An interview with Lee Byung-kee, South Korean ambassador to Japan: The path to better Japan-South Korean relations

With its association with historic diplomatic missions, Hiroshima can contribute

Interview by Masayuki Ito, Staff Writer
Photo by Manabu Hamaoka, Staff Writer

Lee Byung-kee, who became South Korean ambassador to Japan in June, visited Hiroshima on December 2 and agreed to be interviewed by the Chugoku Shimbun. The ambassador, 66, touched on perceptions of history and other issues related to the current chilly relations between Japan and South Korea while stressing that ties are strengthening in areas other than politics. Mr. Lee said he hoped Hiroshima, which was a stop for the historic Joseon diplomatic missions to Japan, would contribute further to the building of peace and prosperity. The following is a summary of the ambassador’s comments.

Current state of Japan-South Korea relations

It’s true that certain aspects of relations between South Korea and Japan are troubled these days. Relations between the two countries have gone through cycles of progress and stalemate, but viewed over the long term they have steadily progressed. This is particularly evident in the areas of the economy and culture. Trade between South Korea and Japan in 2012 amounted to $103.2 billion. Japan is South Korea’s No. 2 trading partner, and South Korea is Japan’s No. 3 trading partner.

Since co-hosting soccer’s World Cup in 2002, there has been a Korean boom in Japan, and there’s a Japan boom in South Korea as well. Six of the 10 most popular manga in South Korea are Japanese. And, at 30 percent, Japanese literature represents the greatest portion of the foreign literature translated into Korean.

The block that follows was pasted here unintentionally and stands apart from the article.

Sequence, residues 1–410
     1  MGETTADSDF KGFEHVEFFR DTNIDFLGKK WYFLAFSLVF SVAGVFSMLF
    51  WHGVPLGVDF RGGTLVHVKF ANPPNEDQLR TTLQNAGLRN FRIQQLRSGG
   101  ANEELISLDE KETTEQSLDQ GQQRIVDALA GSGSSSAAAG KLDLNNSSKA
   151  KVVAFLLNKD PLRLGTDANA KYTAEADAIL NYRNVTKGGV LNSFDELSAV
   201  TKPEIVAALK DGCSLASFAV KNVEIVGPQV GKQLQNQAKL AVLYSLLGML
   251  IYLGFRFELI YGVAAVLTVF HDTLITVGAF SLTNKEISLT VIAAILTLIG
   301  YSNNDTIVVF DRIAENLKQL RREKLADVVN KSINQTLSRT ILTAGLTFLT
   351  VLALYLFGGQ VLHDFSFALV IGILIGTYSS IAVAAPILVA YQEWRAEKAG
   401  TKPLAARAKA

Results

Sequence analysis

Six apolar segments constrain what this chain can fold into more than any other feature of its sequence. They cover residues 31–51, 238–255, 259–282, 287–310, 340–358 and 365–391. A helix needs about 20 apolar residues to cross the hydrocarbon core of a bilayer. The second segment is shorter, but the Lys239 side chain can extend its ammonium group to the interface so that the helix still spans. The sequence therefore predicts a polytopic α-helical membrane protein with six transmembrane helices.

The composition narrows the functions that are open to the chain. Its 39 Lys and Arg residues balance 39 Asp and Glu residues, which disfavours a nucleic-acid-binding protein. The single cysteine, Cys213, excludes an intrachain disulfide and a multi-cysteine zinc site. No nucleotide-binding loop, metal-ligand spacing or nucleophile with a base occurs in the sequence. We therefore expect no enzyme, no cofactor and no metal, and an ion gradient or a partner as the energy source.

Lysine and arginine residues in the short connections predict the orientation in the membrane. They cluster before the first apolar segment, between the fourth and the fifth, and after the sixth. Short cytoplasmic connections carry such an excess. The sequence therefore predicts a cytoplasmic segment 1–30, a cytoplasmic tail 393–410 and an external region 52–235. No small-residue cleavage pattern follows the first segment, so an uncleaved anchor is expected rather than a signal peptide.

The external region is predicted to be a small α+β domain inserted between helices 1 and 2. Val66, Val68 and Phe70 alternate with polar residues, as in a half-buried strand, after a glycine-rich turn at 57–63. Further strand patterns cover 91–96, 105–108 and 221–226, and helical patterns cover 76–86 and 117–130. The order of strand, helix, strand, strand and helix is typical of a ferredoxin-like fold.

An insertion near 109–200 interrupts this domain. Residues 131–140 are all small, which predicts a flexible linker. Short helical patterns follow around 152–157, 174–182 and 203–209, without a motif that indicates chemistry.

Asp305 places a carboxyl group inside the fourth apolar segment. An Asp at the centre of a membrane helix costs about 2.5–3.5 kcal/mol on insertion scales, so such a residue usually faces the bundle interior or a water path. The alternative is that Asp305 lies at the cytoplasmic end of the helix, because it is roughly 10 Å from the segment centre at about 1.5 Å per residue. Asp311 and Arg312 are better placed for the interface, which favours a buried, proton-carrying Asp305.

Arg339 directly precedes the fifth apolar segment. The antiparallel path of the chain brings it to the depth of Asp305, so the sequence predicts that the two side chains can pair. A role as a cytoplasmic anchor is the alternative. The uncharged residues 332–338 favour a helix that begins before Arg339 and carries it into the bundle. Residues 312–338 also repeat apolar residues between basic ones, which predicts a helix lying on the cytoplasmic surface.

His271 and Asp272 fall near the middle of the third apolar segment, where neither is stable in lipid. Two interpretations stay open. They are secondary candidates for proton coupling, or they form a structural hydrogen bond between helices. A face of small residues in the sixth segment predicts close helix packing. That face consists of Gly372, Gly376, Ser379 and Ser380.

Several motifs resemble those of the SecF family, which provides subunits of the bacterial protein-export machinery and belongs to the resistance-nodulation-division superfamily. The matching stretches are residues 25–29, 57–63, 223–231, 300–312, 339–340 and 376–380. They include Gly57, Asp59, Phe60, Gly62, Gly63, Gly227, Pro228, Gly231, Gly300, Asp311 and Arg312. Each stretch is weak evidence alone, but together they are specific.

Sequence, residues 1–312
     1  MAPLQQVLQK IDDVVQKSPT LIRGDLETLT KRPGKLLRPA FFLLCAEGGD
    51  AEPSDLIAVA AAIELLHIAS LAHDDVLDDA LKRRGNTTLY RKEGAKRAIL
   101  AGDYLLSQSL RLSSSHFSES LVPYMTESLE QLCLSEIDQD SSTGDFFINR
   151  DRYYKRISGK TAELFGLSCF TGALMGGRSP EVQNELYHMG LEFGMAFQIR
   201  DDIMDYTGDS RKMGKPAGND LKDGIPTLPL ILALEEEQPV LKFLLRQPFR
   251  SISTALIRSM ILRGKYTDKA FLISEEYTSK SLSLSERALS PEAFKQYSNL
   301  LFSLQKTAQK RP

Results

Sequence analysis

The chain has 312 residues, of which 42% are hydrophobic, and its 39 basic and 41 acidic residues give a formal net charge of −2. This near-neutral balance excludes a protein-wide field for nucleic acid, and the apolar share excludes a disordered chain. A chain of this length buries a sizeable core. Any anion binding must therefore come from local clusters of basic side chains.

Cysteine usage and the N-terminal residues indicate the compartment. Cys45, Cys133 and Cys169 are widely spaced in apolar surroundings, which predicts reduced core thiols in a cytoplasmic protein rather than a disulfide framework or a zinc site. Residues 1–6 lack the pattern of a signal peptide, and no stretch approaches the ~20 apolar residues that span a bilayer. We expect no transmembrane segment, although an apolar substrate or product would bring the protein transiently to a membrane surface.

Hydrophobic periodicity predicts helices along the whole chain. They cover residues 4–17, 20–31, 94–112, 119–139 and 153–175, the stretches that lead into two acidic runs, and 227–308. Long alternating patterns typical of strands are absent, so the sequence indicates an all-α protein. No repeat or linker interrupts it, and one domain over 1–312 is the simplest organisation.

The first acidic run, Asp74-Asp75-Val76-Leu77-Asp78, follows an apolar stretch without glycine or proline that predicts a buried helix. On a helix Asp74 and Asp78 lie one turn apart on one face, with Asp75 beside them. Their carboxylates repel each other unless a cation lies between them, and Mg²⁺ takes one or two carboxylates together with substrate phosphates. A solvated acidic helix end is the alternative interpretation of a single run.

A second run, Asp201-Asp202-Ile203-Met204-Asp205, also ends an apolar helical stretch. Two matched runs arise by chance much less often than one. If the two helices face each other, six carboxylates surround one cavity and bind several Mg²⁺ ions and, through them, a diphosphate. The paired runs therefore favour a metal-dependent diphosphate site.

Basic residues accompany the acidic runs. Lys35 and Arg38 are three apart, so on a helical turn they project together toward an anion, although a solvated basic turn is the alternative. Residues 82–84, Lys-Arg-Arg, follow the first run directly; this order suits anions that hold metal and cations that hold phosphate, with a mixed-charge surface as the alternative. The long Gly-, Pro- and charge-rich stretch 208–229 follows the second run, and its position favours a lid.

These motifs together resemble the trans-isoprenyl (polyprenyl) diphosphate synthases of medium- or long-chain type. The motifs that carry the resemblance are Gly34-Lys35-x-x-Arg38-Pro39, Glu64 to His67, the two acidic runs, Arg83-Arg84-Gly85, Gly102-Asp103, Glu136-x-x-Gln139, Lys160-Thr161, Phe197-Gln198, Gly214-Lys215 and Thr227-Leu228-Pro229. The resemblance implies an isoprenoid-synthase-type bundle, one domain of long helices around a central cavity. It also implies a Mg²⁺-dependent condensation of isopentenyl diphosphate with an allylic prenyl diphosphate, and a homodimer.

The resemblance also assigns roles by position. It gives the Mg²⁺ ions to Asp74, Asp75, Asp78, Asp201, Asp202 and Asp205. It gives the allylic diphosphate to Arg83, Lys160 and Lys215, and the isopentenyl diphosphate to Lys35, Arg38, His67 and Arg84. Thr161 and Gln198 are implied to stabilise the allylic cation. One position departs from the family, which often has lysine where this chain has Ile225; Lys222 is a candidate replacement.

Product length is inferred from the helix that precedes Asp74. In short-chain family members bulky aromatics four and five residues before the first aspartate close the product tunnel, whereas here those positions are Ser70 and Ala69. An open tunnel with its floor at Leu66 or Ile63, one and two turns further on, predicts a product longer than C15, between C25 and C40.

Japan and South Korea share the same values when it comes to democracy, the market economy and human rights, and the two countries, which are both members of the Organisation for Economic Co-operation and Development, must work to eliminate unstable elements from northeast Asia. In fact, at the United Nations and in other international arenas, South Korea and Japan are actively working together to address issues such as climate change, the environment, assistance to developing nations and the problem of low birth rates and aging populations.

Problem of perceptions of history

In order for both nations to carve out a path to a new era, issues of past history must be overcome. I would like the Japanese government and the Japanese people to recognize the difference between the stances of aggressor and victim and to try to put themselves in South Korea’s place. Japan must be a leader for world peace and prosperity. In order to do that, it must first establish friendly relations with its neighbors.